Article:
For players, the annual E3 video game showcase in Los Angeles, it’s usually like Christmas in the summer. While this year’s digital-only festivities will be much more low-key, the industry is preparing a slew of new releases aimed at capitalizing on a boom fueled by the pandemic.
Ubisoft Entertainment plans to present a new Far Cry game and reveal future content for the recent blockbuster Assassin’s Creed Valhalla. Microsoft will showcase what’s in store for the Xbox console, including updates to Halo Infinite, and Nintendo will reveal upcoming titles on its Switch portable gaming device this year.
Fans will be on the lookout for “megatons” – unexpected and exciting news about the devices or games that will be the subject of the series.
Industry giants have spent months preparing for the event, producing trailers and demos designed to impact an audience expected to number in the millions.
Video games have been one of the pandemic’s meteoric successes as people crouched at home and spent hours of lockdown tending to their islands on Animal Crossing, ousting impostors in Among Us or surviving. to the zombie outbreak in The Last of Us Part II. Video game revenues climbed 20% in 2020 to nearly $ 180 billion, according to market intelligence firm IDC.
As the global economy begins to open up and people venture more off the couch, the big game companies will take the opportunity next week to ensure these pandemic habits prove difficult to break. They will face a higher bar in this unusual year. The global event, which drew more than 66,000 people in 2019, was canceled in 2020 during the Covid-19 outbreak and will only come back online this year from June 12 to 15.
All lectures will be pre-recorded, allowing game companies to avoid potentially embarrassing mistakes, but also sacrifice the energy of a live crowd and the loud applause that usually accompanies announcements at big name presentations. Fans and developers won’t be able to mingle, exchange ideas, or play new games. And, since some games have already been pushed back this year, like Sony’s God of War and Warner Bros. ‘ Hogwarts Legacy, publishers may be hesitant to show games that they know may not see the light of day until 2022 or beyond.
This year’s show “may be a little disappointing” compared to previous events, wrote Bloomberg Intelligence analyst Matthew Kanterman in a recent memo, but “it could still help solidify our view that the game can build on the disproportionate growth of 2020 and support the expansion of a larger user and spending base.
Ubisoft launches E3 this year on Saturday. The French publisher made headlines last year amid allegations of widespread sexual misconduct. Attendees will see if the company addresses the ongoing controversy during its presentation or decides to focus exclusively on upcoming games. In a sign of the effects of the pandemic, Ubisoft said on Monday it was changing the name of an upcoming game called Rainbow Six Quarantine to Rainbow Six Extraction.
Microsoft will hold its annual Xbox showcase on Sunday. The centerpiece will be Halo Infinite, which was originally slated to launch alongside the new Xbox Series X last November, but has been delayed indefinitely. Microsoft is also expected to provide updates on titles like the upcoming Psychonauts 2 on its Xbox Game Pass subscription service.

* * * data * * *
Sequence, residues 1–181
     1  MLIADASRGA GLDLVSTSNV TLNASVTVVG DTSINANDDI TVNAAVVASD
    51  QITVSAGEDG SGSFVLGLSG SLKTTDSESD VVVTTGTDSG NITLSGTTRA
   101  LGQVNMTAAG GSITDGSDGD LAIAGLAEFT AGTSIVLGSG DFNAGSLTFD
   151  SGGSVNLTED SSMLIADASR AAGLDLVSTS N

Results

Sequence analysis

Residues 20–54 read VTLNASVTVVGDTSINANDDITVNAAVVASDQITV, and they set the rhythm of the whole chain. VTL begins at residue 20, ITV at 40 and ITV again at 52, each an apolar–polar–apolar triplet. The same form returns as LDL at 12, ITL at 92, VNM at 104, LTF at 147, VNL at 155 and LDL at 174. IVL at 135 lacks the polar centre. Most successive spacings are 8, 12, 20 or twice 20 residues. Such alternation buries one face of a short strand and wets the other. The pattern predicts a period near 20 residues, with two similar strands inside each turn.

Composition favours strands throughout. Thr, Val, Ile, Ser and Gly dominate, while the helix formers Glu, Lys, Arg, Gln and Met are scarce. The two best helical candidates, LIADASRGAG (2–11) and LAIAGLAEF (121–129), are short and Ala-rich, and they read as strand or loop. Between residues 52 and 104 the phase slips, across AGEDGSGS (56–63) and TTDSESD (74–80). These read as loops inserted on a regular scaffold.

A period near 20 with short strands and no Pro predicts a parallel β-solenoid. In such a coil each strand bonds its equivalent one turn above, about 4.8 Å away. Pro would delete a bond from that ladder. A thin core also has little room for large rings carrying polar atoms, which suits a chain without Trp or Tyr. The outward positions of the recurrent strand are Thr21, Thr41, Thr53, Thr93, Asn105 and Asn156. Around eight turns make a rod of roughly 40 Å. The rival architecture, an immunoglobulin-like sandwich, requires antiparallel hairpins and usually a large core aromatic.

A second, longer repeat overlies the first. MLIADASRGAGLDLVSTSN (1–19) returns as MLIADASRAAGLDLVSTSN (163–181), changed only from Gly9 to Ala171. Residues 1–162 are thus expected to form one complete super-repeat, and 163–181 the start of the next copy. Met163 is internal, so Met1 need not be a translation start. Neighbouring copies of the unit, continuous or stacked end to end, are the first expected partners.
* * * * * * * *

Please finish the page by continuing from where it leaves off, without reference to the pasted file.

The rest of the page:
This will be Microsoft’s first showcase since purchasing ZeniMax Media, the parent company of video game publisher Bethesda Softworks, so gamer expectations are high. Microsoft is expected to detail Bethesda’s upcoming games, including the highly anticipated Starfield, a sci-fi role-playing game. The publisher plans to announce a specific release date for Starfield, which is slated for late 2022, according to people familiar with the announcement.
Nintendo will be in the spotlight on June 15. Fans expect to see new entries in shows like Metroid and The Legend of Zelda, which celebrates its 35th anniversary this year. The most anticipated game in Nintendo’s library is a sequel to 2017’s beloved The Legend of Zelda: Breath of the Wild, which is set to hit the show. Nintendo also plans to release an upgraded version of the Switch this fall, Bloomberg reported, although the company has said its E3 showcase will focus primarily on software, so new hardware may not be present.
Other companies attending this year’s E3 include Square Enix Holdings, which will unveil a new game based on the Marvel Guardians of the Galaxy comic book franchise, and Take-Two Interactive Software Inc., which will unveil a new game. derived in the Borderlands universe. Publishers such as Capcom Co. and Bandai Namco Entertainment Inc. will also be in attendance with new reveals.
Not all of the action will take place at E3 this year. Some major game companies are not attending E3, including Sony, Electronic Arts and Activision Blizzard, although EA has said it is hosting its own show in July. And a rival show, called Summer games party and led by video game personality Geoff Keighley, kicks off Thursday. While Summer Games Fest isn’t as well-known as E3, Keighley has a reputation for planning events filled with game reveals and may have his own “megatons” that surprise and delight fans.
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